Lootere Series Review

Rahul Desai

The Scale is Hard to Resist

The scale and ambition of Lootere are hard to resist. The eight-episode series is an excessive but potent marriage of two distinct genres. It is defined by the irony of the blue ocean looking calmer than its brown and fire-yellow surroundings.

Doesn't Glorify a Murky Man

Like Scam 1992, the show doesn’t glorify a murky man like Vikrant, nor does it empathise with him. What it does is empathise with his truth: Vik believes that he is right, that he’s taking the right decisions, and it’s all that matters.

Attention to Detail

The little details add commentary and texture to Lootere. For instance, the ship engineer is a Pakistani man named Zafar – and he is convinced that the Indians, especially Captain Singh, hold an invisible grudge against him.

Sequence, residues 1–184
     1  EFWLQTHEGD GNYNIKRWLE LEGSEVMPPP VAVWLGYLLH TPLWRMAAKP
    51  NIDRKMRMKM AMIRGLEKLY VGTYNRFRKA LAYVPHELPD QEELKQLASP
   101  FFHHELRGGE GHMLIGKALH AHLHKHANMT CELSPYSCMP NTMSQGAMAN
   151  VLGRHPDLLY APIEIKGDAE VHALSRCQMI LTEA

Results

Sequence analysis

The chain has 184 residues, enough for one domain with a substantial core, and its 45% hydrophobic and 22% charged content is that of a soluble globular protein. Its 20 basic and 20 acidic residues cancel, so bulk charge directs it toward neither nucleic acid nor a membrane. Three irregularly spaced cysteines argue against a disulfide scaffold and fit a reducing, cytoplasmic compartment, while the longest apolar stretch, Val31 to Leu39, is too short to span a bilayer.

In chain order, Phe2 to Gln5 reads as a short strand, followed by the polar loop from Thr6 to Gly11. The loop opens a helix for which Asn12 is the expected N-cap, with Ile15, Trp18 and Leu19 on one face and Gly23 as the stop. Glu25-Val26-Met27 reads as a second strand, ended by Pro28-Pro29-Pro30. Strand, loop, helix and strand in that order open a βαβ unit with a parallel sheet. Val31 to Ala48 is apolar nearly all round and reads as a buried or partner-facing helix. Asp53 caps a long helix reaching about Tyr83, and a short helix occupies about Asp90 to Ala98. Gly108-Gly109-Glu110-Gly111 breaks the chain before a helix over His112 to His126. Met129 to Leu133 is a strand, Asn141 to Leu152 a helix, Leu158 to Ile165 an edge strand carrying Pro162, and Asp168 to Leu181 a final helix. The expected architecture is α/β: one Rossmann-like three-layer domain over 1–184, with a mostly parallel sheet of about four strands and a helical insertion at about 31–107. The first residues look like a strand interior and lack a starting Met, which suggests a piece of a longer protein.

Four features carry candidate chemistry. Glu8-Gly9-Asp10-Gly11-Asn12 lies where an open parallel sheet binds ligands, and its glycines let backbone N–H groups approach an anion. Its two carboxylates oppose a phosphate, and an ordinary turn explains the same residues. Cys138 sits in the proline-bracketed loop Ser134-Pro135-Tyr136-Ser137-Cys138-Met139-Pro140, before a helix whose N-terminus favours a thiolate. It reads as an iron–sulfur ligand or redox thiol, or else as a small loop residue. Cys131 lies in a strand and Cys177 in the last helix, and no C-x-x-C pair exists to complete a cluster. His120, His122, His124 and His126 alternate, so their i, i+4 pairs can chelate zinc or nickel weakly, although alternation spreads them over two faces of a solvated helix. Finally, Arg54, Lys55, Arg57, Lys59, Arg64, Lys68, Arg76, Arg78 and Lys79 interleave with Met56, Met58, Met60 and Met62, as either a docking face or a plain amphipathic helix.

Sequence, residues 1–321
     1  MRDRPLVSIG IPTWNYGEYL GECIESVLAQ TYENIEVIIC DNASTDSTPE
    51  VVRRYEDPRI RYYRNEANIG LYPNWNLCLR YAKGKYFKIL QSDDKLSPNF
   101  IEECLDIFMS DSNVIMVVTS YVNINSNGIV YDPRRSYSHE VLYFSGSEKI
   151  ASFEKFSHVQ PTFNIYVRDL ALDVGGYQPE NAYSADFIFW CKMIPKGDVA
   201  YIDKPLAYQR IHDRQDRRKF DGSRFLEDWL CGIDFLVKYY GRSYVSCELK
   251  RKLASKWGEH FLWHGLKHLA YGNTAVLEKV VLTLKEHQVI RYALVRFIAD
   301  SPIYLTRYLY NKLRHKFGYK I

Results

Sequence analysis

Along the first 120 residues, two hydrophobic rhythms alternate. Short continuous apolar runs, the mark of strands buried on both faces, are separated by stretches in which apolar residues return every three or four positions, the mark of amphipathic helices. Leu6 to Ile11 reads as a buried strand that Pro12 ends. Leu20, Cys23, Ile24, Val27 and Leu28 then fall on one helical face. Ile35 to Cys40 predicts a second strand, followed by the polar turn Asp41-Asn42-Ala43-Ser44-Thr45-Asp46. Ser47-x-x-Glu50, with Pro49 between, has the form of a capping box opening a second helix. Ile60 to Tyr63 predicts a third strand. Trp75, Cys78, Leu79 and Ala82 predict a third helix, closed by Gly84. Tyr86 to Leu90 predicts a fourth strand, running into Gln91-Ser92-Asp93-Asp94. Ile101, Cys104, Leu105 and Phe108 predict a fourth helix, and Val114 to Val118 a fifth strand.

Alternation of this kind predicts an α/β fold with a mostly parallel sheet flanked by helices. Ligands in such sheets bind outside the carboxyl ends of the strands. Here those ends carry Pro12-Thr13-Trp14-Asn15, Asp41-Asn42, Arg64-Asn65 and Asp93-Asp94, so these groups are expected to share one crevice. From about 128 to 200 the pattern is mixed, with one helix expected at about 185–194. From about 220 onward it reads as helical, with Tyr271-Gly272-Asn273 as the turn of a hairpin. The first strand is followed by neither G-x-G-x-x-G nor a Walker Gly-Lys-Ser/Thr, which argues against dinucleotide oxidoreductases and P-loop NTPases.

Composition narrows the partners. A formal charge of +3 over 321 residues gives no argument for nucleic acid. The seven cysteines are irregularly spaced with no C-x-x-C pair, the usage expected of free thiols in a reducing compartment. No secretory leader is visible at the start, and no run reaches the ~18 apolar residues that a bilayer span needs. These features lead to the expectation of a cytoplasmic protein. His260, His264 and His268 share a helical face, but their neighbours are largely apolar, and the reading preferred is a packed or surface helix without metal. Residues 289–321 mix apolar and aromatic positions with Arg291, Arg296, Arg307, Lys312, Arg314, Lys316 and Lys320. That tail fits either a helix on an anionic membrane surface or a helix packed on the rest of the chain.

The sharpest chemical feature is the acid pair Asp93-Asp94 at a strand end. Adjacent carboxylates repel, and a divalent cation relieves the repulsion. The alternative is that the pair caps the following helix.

Lootere is driven by an excellent cast. There’s not a false note, even when the writing gets greedy. The pirates, many of whom are played by South African actors, rarely let the awkwardness of conversing in English – not in Somali or Arabic – become a distraction.

Tracking the Soundtrack

A lot of the dialogue is cleverly designed. It’s a neat dance between the natural and the flowery. For example, take the track of the debauched heir (Chandan Roy Sanyal) in Kyiv with major daddy issues.

Music as a Creative Tool

Does the series go overboard with its gore and assaults (specifically the fate of the women on the ship)? Probably. Are some moments provocative for the heck of it? Nearly. But Lootere is also a rare case of music becoming both a creative and technical tool.